But Bond is given plenty to think about as well as blow up, and his relationship with Elektra King (played with alternating brattish arrogance and fragile vulnerability by Sophie Marceau) is among the series' few successfully complex emotional tangles into which he will insist on getting. When that goes tits up and he turns to the nearest vagina to hand, it belongs to the walking punchline that is Dr. Christmas Jones - the series' least popular Bond girl according to people who've forgotten A View To A Kill's Stacey Sutton.
Personally I don't have a problem with Denise Richards; as far as miscast supporting actors go, I have greater issues with John Cleese's disastrous quartermaster-in-waiting. I'm fairly sure that if both actors were to swap roles we would have seen some far more interesting personal relationships developing.
There's no doubt about one thing, though: as his third Bond film, this is Pierce Brosnan's Goldfinger, his The Spy Who Loved Me. It's the film in which he finally worked out exactly who he is.
Equally convincing and eminently watchable whether he's negotiating payoffs, kicking the shit out of a scrawny Scot or making his sex face in a torture chair, Brosnan is so magnetic as Bond that he made me want to watch every other film he was in during - and after - his time in 007's shoes, so I did. And before long I came to the sobering conclusion that although he was born to be Bond, his presence in anything else is no guarantee of quality; the rest of his filmography is almost uniformly cack. Barring, of course, the magnificent Mamma Mia!.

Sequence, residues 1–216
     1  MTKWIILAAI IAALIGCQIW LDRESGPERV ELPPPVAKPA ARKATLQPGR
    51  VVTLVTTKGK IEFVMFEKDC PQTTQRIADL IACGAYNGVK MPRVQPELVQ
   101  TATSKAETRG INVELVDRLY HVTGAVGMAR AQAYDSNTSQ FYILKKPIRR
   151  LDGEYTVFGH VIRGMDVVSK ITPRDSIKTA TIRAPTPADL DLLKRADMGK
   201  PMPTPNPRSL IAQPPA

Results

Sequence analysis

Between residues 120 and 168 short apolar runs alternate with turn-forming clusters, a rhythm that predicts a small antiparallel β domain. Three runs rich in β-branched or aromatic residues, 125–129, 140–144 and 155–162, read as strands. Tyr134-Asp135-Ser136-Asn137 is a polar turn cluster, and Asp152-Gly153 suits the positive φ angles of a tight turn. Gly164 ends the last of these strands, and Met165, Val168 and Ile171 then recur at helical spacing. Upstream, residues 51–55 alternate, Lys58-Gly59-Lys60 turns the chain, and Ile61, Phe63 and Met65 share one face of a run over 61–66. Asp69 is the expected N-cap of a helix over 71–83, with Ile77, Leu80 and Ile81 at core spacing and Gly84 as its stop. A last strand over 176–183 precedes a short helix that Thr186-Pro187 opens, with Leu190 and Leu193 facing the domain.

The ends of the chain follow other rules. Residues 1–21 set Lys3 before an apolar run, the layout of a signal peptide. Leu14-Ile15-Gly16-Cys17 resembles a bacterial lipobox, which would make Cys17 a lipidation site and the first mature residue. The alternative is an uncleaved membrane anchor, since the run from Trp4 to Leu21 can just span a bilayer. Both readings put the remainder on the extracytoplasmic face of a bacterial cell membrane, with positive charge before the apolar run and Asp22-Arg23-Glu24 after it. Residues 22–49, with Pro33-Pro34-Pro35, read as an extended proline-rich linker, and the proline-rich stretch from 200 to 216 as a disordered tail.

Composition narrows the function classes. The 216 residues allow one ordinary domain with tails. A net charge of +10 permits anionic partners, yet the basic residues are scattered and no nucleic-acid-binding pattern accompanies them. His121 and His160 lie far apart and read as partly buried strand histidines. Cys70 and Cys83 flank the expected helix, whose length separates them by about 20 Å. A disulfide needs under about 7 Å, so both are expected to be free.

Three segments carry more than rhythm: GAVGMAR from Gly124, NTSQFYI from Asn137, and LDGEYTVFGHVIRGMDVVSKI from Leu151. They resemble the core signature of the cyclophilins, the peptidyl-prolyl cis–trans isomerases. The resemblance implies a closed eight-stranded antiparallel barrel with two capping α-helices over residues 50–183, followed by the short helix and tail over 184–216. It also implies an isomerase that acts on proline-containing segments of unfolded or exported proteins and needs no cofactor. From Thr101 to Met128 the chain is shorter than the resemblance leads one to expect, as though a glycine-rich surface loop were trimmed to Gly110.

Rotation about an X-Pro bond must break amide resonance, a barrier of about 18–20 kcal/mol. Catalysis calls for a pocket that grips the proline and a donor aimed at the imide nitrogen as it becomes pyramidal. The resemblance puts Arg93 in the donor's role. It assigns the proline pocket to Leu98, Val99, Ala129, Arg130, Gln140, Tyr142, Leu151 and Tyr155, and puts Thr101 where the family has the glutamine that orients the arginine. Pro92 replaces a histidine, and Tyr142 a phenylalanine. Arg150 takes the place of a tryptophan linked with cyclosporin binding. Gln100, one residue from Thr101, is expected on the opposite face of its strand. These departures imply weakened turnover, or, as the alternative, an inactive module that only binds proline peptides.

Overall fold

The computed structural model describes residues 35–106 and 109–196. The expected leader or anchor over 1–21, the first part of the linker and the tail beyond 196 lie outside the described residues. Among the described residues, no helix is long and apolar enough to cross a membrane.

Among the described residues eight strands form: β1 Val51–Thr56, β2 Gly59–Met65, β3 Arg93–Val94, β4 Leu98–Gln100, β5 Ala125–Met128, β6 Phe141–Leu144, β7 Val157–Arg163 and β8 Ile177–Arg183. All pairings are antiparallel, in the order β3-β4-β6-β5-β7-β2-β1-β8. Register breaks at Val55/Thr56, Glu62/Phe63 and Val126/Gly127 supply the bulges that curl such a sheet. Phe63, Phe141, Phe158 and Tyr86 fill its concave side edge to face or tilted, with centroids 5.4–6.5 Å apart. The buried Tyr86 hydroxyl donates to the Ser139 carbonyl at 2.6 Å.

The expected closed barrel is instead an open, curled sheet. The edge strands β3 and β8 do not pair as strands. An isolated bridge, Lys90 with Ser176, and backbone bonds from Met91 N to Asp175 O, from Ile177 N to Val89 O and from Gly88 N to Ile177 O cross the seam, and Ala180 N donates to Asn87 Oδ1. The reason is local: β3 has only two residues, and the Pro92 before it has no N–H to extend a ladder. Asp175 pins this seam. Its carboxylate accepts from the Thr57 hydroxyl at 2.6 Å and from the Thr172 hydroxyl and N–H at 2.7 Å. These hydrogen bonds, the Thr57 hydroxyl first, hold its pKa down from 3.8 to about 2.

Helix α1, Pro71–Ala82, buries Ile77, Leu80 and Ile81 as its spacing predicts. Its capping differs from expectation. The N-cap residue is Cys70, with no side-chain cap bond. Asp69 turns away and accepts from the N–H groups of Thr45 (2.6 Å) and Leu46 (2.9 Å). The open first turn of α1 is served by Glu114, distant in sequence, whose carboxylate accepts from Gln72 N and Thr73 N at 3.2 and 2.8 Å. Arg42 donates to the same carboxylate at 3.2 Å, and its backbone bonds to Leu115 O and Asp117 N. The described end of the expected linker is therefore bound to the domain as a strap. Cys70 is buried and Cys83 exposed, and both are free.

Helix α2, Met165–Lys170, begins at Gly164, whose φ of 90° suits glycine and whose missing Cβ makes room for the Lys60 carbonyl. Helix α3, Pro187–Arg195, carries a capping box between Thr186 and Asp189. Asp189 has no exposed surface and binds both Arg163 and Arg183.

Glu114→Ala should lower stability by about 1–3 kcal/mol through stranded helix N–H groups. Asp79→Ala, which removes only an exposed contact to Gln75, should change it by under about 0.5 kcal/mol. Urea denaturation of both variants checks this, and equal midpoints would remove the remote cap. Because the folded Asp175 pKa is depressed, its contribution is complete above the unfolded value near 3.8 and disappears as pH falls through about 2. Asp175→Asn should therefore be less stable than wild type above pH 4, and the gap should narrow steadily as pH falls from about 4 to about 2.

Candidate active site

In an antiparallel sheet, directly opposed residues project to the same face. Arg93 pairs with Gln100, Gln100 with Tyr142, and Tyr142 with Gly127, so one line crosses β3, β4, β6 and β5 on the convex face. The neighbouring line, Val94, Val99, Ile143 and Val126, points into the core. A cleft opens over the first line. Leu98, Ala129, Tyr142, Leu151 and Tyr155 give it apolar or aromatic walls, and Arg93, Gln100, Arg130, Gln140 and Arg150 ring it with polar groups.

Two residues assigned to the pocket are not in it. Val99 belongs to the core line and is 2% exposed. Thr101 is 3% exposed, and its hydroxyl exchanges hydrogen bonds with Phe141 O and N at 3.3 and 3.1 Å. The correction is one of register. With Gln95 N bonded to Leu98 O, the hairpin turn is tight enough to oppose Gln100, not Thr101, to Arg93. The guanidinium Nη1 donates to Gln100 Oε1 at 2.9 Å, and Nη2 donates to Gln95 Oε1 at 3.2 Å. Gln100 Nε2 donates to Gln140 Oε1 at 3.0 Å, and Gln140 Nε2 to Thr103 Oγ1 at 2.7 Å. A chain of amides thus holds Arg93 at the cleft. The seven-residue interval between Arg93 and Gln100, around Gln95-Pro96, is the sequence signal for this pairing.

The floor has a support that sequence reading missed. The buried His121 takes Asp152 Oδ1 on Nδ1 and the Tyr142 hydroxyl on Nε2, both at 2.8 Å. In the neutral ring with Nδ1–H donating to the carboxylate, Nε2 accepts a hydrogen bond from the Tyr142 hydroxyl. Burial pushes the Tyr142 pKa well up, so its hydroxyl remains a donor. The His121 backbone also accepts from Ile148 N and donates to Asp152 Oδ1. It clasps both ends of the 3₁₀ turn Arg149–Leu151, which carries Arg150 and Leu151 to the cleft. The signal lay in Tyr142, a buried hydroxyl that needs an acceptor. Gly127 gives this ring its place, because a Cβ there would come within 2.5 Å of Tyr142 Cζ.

And there you have it. Feel free to disagree with my assessment of Pierce Brosnan's abilities, but frankly the evidence speaks for itself:
The pre-title sequence
I've had it checked and I can confirm that the film's first fourteen minutes do in fact torpedo all other Bond pre-title sequences clear out of the water. The mini adventure in Bilbao would have been good enough, but the following Thames-based speedboat mayhem is pure gold. Amazing stunts, David Arnold's music having noisy sex with your ears and a perfect location for millennial Bond combine to blow your eyes through the back of your head and into next door's lounge before Garbage strike up a single note.
The submarine stuff
The incredible suits
And finally: The World Is Not Enough was the first Bond film to take advantage of the burgeoning trend in movie marketing for character posters. At last! A chance for those legendary, iconic characters who've been instrumental in shaping the world of James Bond as we know it and who are loved by millions around the world to finally get the recognition they deserved.
BlogalongaBond will return with Die Another Day
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Further BlogalongaBondareading here